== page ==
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29th Rosalynn Carter Symposium on Mental Health

Location: Unknown

Thank you, Madam First Lady (Carter). For more than a generation, you've been one of our country's leading voices on behalf of Americans living with mental health issues.

Your advocacy on behalf of the Mental Health Parity and Addiction Equity Act, in particular -- more on this in a moment -- have made a tremendous difference.

I'm delighted to have this opportunity to join all of you at the Carter Center, here in Atlanta. You know, Ray Charles famously sang about "Georgia on My Mind." For nearly three decades this symposium has been Georgia for the Mind. And year-after-year, the road to progress leads back to you.

Madam First Lady, if I could -- I wanted to share a few of the words you wrote back in 2003, because they still resonate a decade later:

"We know so much more today," you wrote, "and yet the problems are still very much the same, with one exception: recovery. Twenty five years ago, we did not dream that people might someday be able actually to recover from mental illnesses. Today it is a very real possibility."

This hasn't happened on its own. We've gotten to where we are today because of so many of you who are here at this symposium today, who've worked and advocated and fought so hard for so many years.

I think we'd all agree that our work is not done.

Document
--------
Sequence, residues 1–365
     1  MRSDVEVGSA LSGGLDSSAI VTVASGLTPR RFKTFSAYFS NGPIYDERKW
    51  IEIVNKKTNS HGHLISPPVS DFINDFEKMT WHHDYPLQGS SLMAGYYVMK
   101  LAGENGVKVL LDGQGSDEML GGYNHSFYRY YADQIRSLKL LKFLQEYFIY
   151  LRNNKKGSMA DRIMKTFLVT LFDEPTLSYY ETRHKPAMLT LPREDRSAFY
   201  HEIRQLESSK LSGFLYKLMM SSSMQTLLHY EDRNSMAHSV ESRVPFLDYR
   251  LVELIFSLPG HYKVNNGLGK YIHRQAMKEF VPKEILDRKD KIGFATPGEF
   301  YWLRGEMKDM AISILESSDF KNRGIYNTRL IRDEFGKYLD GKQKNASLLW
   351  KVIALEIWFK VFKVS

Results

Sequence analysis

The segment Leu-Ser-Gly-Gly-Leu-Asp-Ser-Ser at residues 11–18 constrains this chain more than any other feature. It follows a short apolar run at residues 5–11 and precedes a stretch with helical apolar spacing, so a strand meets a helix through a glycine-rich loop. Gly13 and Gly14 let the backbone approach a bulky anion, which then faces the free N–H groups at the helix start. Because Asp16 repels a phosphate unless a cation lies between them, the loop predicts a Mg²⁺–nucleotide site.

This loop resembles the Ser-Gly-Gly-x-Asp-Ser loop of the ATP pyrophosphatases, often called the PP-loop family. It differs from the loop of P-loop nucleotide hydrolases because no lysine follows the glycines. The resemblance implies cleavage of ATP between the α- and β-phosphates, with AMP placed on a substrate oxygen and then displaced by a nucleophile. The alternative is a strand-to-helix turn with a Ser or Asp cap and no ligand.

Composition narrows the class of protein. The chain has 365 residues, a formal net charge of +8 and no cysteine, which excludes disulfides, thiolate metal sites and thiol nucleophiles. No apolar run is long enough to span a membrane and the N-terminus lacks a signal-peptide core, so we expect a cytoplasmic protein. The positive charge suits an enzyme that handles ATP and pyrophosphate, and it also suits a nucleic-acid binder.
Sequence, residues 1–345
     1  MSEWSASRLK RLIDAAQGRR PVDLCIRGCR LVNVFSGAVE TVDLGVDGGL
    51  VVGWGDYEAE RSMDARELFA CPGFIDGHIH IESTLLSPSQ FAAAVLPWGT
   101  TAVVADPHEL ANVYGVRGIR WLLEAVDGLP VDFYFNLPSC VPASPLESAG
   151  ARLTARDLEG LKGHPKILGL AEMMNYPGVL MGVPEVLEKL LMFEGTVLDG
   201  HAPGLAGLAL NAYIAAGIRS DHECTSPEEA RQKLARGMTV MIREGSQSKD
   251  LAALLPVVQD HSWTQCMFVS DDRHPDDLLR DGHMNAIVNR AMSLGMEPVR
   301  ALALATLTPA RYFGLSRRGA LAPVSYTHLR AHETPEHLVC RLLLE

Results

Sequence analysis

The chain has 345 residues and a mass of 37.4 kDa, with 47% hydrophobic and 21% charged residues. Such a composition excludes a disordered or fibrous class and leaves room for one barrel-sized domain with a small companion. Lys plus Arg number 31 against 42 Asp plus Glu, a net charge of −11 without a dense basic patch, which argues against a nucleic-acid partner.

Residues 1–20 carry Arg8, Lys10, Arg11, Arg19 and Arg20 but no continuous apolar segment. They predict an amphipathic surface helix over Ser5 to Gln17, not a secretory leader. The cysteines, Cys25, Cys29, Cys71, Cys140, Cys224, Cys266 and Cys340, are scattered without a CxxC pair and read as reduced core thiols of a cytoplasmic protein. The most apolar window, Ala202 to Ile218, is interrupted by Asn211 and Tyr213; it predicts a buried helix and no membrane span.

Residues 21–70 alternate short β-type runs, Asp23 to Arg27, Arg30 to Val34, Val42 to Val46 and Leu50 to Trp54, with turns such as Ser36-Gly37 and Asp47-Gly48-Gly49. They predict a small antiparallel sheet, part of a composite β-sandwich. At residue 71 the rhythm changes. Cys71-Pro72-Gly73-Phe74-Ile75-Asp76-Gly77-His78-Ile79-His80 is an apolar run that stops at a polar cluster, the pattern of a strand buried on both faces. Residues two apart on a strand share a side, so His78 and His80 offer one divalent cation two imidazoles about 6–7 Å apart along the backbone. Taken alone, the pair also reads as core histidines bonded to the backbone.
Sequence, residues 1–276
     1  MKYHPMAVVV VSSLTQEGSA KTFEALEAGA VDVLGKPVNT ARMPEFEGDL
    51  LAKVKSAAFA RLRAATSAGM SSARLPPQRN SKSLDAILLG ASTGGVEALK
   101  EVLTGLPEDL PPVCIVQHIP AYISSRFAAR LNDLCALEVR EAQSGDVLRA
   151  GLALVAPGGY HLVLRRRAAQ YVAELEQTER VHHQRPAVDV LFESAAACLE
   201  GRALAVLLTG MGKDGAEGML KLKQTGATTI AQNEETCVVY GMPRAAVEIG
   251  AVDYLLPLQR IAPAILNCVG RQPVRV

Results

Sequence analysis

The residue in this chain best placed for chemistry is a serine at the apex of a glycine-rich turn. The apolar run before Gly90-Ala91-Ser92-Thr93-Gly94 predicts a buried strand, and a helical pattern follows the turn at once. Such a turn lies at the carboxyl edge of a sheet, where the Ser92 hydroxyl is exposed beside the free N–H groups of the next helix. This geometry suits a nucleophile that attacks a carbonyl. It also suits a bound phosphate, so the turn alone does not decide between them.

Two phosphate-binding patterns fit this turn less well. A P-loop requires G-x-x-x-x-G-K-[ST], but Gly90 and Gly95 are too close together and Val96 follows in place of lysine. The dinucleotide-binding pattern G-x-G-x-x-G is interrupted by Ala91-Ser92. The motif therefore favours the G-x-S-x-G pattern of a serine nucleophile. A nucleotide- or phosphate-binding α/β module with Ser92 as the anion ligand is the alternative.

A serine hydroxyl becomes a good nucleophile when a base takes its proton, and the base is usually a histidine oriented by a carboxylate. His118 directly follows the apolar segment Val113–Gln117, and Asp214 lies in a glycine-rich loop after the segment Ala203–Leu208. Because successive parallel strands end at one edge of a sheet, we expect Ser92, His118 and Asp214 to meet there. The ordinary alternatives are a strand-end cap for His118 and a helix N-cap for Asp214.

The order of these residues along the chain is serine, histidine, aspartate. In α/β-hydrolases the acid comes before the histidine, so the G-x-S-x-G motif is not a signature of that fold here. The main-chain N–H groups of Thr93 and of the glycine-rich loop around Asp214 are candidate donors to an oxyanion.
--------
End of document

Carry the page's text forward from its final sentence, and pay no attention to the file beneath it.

I know that I'm not alone in this room, when I say that this is personal for me. In the last six months, I've had two family members experience crises. Both of them eventually were able to receive help and support because they had resources and friends and family to turn to. But it was not easy, in either case. And the hand-off from crisis stabilization to community support was rocky, to say the least.

The "coordination" wasn't really "coordinated." And I run the Department of Health and Human Services. I know what assistance is out there. And I have an amazing array of caring experts to give advice.

Beyond the personal toll for families and individuals, we have much work to do as a country, to help people achieve the promise of recovery:

Nine in 10 Americans with substance use disorders do not receive the care they need.

And 60% of Americans living with a mental health conditions do not receive the care they need.

Parity Rule

We need to expand access to treatment, services, and support. And in this vein, I have some very big news to share with you -- news that I know many of you have been anxiously awaiting:

Later this morning, we will issue the final Parity Rule.

In tandem with the Affordable Care Act, the Parity Rule will expand and protect behavioral health benefits for more than 62 million Americans.

This is the largest expansion of behavioral health coverage in a generation -- and it's thanks to the efforts of so many of you who are with us today, including and especially, Rosalynn Carter.

This rule is reality, because of the leadership of President Obama, who committed to getting this done by the end of the year.

And it has been bolstered by Americans from throughout our country who submitted 5,400 public comments that helped guide us through writing the final rule.

I want to share with you a few details,…

The Parity Rule, as many of you know, governs how large group health plans offer coverage for mental health and substance use conditions. Coverage for these conditions, when offered, must be comparable to coverage for medical and surgical care.

The regulation also includes important consumer protections that make clear that the insurance companies which offer these plans must provide information on how coverage is determined. This helps ensure that there is transparency and compliance with the law.

The final rule makes these protections stronger:

Insurance companies are now required to use comparable clinical standards and cost considerations for both physical and mental health and addiction benefits.